One main consequence of numerous cardiovascular, neurologic and respiratory disorders, whether in the neonate, older infant or at a later more mature age, is tissue O2 deprivation. Clinically, such a consequence can have devastating effects, especially on susceptible organs such as the brain, heart and kidney. Besides the type of organ, there are a number of factors that can determine the response of tissue to hypoxia. It has been well demonstrated that the developing mammal responds differently to hypoxia than the mature subject, both in vivo and in-vitro. Our overall Program hypothesis is that O2 deprivation leads to alterations in cytosolic, membrane and nuclear events that form the underlying basis for cellular adaptation, sublethal injury or cell death. The extent of these alterations depends on many factors including age, type cell and its endowments in both excitable (e.g. neurons and cardiac myocytes) and nonexcitable cells (e.g. glia, renal tubular epithelium), and severity and chronicity of hypoxia. The central aims of this Program will therefore be to 1) to define the nature of the responses to hypoxia in mature and immature neurons, glia, cardiac myocytes and epithelia and 2) to identify the mechanisms underlying these developmental changes at the cellular and molecular levels using a variety of approaches and techniques. To address these aims and determine the mechanisms that can lead to injury or adaptation and survival in the mature and immature cell, we are submitting a revised competing renewal of our Program Project. This program is based on 4 major projects that are interactive, interdependent and that share facilities (4 Cores), concepts and experimental approaches. To accomplish these aims, we use state-of-the art techniques and methodologies including eletrophysiologic methods, electron, confocal and video-microscopy, molecular biologic and genetic techniques to study native tissue, dissociated and cultured cells. The studies outlined in this Program represent a natural extension of work currently done by each PI in the Program. We firmly believe that this Program will provide the opportunity of enhancing the productivity of each individual project and, perhaps more importantly, the synthesis of new concepts about susceptibility or tolerance to anoxia and the formulation of therapeutic modalities.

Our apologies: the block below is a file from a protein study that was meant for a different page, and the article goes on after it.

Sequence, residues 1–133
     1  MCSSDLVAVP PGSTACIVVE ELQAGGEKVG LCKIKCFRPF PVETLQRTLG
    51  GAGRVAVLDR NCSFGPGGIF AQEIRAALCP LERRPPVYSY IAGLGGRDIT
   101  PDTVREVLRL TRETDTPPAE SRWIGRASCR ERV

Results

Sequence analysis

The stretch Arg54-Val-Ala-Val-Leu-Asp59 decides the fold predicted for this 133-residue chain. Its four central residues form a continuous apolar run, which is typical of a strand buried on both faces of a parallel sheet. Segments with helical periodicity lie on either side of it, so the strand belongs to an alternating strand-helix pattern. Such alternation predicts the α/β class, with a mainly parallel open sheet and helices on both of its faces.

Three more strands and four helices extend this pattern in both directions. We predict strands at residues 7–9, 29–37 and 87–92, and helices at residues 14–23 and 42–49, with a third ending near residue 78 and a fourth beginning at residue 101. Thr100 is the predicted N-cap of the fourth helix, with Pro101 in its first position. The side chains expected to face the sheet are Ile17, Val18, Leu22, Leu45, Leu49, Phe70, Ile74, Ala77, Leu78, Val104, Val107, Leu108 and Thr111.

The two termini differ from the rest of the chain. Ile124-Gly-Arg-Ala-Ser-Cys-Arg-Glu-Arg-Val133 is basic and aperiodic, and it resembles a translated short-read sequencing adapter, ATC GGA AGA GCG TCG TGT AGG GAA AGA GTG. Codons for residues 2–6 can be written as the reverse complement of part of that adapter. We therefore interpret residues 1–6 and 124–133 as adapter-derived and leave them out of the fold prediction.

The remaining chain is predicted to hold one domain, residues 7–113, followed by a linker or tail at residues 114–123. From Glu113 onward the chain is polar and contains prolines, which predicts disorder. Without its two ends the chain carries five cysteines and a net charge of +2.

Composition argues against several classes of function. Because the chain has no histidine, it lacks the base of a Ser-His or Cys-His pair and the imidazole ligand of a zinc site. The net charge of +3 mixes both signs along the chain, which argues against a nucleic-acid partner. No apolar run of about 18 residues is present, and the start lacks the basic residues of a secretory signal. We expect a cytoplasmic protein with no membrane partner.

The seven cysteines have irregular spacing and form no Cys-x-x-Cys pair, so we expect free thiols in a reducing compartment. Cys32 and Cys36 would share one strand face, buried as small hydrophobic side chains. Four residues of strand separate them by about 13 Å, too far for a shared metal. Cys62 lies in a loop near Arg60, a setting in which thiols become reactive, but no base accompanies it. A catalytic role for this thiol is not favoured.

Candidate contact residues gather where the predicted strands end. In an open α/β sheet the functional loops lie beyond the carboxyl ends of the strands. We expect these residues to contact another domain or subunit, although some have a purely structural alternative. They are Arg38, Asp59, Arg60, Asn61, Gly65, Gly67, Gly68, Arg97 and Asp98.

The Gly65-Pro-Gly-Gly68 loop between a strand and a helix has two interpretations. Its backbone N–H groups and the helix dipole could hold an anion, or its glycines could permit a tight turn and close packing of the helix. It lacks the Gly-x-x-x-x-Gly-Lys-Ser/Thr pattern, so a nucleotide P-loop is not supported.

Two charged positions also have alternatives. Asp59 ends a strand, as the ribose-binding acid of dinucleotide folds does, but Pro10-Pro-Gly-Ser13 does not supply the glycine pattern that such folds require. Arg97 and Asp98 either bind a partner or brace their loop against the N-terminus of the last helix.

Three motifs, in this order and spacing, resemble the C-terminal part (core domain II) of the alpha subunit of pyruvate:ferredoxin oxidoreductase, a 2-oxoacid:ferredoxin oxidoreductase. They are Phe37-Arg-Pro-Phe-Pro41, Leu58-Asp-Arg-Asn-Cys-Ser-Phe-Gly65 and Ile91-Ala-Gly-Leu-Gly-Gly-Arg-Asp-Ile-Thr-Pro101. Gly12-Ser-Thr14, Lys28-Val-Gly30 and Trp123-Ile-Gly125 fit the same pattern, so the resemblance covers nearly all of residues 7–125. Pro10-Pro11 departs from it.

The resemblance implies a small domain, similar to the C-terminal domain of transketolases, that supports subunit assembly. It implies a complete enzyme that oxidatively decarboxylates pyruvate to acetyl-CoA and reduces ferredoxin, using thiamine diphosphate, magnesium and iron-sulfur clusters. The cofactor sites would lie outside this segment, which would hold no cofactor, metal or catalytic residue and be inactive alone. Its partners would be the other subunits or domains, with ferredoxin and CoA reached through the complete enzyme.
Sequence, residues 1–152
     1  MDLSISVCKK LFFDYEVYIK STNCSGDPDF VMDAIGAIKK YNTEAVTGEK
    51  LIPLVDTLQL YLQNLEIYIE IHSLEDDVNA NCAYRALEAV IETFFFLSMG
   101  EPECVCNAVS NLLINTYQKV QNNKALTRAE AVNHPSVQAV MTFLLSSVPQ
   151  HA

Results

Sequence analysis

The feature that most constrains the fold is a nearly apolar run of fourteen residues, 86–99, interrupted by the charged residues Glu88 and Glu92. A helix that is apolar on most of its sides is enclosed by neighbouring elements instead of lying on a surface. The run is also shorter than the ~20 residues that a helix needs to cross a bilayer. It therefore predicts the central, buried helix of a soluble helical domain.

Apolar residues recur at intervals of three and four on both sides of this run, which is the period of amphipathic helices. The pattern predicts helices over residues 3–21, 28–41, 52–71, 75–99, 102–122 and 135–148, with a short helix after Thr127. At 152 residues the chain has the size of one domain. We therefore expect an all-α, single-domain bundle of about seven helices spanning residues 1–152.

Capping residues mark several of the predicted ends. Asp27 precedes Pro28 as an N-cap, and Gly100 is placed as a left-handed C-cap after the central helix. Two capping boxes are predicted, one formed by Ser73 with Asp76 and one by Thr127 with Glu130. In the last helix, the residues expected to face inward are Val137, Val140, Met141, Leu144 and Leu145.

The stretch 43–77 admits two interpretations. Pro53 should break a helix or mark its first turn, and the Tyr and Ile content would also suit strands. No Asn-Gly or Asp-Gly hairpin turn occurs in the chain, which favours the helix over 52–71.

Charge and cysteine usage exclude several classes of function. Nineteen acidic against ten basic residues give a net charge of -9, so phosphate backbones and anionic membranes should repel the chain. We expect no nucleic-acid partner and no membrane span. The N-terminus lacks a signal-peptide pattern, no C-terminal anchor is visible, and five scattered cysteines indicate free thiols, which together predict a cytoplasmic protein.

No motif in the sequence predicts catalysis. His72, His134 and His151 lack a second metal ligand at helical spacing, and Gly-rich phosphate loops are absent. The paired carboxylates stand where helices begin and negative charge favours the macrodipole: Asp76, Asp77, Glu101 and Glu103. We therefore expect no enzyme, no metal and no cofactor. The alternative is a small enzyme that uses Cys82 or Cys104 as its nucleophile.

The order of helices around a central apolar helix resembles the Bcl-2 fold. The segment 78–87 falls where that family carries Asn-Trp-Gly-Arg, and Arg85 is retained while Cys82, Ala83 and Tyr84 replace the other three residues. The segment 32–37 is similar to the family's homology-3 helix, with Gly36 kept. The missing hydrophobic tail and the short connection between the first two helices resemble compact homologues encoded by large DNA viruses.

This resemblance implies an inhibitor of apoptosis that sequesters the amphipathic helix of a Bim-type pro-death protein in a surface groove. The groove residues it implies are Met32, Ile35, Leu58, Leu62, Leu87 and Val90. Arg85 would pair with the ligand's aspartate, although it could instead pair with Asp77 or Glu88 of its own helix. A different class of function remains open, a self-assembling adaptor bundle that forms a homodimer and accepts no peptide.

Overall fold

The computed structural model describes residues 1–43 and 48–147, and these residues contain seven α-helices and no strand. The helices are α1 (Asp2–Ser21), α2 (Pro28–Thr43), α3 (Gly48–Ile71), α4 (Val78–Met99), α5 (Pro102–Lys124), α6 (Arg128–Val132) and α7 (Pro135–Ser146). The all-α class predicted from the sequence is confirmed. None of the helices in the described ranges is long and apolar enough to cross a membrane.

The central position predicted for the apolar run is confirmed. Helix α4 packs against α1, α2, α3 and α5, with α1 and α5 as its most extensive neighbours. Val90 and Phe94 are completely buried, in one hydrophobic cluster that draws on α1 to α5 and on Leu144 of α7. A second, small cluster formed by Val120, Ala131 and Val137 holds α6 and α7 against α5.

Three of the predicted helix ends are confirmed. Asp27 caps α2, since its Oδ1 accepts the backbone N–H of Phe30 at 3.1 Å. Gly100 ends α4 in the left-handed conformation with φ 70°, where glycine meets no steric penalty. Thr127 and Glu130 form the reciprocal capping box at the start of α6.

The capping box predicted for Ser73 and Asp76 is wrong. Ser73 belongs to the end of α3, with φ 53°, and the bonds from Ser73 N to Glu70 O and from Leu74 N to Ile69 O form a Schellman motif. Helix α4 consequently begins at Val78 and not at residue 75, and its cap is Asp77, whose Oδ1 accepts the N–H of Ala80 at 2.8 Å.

Agency
National Institute of Health (NIH)
Institute
Eunice Kennedy Shriver National Institute of Child Health & Human Development (NICHD)
Type
Research Program Projects (P01)
Project #
2P01HD032573-11A1
Application #
6908675
Study Section
Special Emphasis Panel (ZHD1-MCHG-B (HG))
Program Officer
Willinger, Marian
Project Start
1996-12-01
Project End
2010-07-31
Budget Start
2005-09-15
Budget End
2006-07-31
Support Year
11
Fiscal Year
2005
Total Cost
$1,229,609
Indirect Cost
Name
University of California San Diego
Department
Pediatrics
Type
Schools of Medicine
DUNS #
804355790
City
La Jolla
State
CA
Country
United States
Zip Code
92093
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